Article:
The person who had the job of admitting people into the Ukrainian consulate was surprised to see me again - he thought I'd erred in thinking my visa would be ready the same day. I guess people don't fork over the cash for same-day visas very often. But the visa was ready for me, and though $105 was a lot to have spent on a visa, I must say that, with its silver hologram, it was the prettiest visa I had ever obtained.

At the train-ticket office, I replaced the Moscow–Konotop portion of my ticket (RUB 363.20), and then I took the subway to a random part of town (Krasnogvardeyskaya, if you're counting), just to see what was there, to pass the time until my train left. There was a large supermarket at Krasnogvardeyskaya, and I bought some more caviar, as well as nectarines, water, and peach juice. Then I returned to Kiev Station.

4 Oct–6 Oct
Train: Tisza Express #15, Moscow to Nyíregyháza
(21:07; 37h 16m; arrived 30m late; RUB 2033.20)
Once again, I was alone in the compartment, at least for a while. I wondered if I'd see any of the same customs officials when we reached Konotop, and I hoped I'd get to present my passport and visa to the same shrill official and show off my expedience. But I did not recognize any of the officials at Konotop. I was still subject to untoward scrutiny at the border town, and a short distance into Ukraine I was forced to spend $6 on health insurance in case any emergencies developed during my 24 hours in the country.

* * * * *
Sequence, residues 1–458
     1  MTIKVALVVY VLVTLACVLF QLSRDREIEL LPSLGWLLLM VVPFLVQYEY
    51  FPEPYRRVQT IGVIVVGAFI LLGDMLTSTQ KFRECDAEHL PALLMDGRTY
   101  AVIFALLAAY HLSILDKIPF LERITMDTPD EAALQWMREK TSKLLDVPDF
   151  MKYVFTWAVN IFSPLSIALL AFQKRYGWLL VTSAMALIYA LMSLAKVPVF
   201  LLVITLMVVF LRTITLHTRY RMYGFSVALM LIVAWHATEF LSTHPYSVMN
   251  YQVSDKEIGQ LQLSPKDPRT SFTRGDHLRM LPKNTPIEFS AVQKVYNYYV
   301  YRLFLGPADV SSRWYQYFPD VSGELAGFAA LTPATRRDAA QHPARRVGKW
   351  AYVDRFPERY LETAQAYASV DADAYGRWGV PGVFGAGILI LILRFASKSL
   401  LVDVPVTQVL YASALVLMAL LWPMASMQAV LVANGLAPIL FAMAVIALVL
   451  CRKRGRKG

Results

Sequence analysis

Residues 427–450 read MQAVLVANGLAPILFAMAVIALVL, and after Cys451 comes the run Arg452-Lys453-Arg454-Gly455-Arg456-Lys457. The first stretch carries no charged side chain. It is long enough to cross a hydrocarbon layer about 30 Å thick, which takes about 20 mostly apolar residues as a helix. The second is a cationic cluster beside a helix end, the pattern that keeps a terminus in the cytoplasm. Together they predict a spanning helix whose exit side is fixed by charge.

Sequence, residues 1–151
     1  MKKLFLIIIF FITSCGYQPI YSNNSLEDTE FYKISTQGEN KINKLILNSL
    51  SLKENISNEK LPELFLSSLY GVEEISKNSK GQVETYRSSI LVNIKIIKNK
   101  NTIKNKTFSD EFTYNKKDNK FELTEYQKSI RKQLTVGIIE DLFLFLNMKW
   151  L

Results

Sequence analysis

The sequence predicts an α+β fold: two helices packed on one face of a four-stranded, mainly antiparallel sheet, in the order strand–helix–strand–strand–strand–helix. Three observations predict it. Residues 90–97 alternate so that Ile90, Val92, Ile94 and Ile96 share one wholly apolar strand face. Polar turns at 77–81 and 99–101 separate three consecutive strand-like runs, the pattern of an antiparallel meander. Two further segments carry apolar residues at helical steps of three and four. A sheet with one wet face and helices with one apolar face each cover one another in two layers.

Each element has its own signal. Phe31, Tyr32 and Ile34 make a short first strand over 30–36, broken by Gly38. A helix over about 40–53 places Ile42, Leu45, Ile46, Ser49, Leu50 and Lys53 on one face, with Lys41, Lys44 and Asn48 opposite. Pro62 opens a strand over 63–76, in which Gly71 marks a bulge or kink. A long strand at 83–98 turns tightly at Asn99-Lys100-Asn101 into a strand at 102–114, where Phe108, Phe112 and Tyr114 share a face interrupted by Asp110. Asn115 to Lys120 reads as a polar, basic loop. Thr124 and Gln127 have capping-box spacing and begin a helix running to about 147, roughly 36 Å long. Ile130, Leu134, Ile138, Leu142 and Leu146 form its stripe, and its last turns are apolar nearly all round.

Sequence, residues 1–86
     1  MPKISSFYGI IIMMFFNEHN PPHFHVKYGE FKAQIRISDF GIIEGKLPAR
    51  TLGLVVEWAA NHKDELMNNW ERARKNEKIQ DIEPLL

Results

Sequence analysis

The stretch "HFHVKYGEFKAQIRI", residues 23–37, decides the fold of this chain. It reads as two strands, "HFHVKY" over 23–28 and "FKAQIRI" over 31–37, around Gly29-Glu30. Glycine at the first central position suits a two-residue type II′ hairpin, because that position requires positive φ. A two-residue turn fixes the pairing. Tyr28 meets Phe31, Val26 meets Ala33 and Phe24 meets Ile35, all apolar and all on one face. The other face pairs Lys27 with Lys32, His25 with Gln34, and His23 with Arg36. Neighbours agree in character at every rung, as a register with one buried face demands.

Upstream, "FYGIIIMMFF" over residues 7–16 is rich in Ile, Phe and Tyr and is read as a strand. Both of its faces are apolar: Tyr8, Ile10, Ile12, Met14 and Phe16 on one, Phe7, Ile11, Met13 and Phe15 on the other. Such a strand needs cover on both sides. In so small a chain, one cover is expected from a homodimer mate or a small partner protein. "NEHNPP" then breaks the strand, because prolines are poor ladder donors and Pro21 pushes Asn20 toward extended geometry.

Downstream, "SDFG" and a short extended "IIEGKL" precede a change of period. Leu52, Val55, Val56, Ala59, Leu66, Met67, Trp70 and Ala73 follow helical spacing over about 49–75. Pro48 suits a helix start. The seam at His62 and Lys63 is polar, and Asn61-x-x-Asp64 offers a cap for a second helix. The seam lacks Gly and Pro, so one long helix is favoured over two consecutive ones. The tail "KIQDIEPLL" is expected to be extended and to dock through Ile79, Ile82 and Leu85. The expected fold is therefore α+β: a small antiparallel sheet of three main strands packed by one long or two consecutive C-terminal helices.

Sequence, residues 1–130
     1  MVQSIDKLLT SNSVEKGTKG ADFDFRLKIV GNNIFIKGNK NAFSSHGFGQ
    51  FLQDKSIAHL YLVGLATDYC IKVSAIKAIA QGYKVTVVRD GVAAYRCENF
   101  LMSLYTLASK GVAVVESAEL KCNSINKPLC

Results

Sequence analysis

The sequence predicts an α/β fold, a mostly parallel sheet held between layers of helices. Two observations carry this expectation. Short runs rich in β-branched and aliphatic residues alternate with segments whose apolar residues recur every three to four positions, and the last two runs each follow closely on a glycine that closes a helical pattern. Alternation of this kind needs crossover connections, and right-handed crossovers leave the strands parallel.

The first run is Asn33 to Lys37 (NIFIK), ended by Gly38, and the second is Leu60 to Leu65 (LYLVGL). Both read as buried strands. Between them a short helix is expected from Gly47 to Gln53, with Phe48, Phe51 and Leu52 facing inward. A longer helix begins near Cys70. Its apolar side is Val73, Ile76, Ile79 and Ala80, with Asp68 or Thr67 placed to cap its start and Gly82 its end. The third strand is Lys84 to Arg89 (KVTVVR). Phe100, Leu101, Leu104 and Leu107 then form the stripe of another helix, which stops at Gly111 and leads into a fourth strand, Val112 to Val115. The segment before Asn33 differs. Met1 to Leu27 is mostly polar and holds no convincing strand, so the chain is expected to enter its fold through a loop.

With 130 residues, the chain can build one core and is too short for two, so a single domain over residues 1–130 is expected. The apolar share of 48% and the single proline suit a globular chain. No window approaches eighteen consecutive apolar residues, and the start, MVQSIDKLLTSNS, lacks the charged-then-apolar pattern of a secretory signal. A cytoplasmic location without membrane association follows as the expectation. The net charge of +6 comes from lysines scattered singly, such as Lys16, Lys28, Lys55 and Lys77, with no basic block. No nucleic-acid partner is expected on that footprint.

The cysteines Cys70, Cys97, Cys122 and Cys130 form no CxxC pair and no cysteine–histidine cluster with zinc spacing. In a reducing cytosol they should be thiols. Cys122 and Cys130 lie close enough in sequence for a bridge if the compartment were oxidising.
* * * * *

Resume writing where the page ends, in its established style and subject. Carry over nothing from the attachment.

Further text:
Andrey, a recently married Ukrainian who shared my compartment from Kiev to Tyornopol, restored my belief that not all Ukrainians are money-extorting bureaucrats. He bought us sausage sandwiches and vodka. We discussed conditions in Ukraine since the collapse of the Soviet Union: He had thought life would improve, but he'd seen little evidence that it had, and he wondered where all his tax money was going. When he departed, I napped a short while, and then an American who spoke little English joined me in my compartment in Tyor. We both slept the night.

I awoke at 4:16, when we arrived in Chop, the last Ukrainian town before the Hungarian border. Again came a series of questions from Ukrainian customs officials. Then the train was raised so that the bogies could be changed - the railway gauge in Hungary is a different width from the gauge in Russia and Ukraine. Finally we entered Hungary, and the train approached the border town of Zahony with apparent caution; the wheels made a loud, metallic "ping" sound every time they spun around.

Zahony is where the delay was. There was no explanation - we just waited, and we got half an hour behind. We stopped at a small station that didn't seem to have a name, and, afraid of staying on the train too long, I asked the conductor whether we had reached Nyíregyháza. That one was Kisvárda: Nyíregyháza was next. Go on to part 3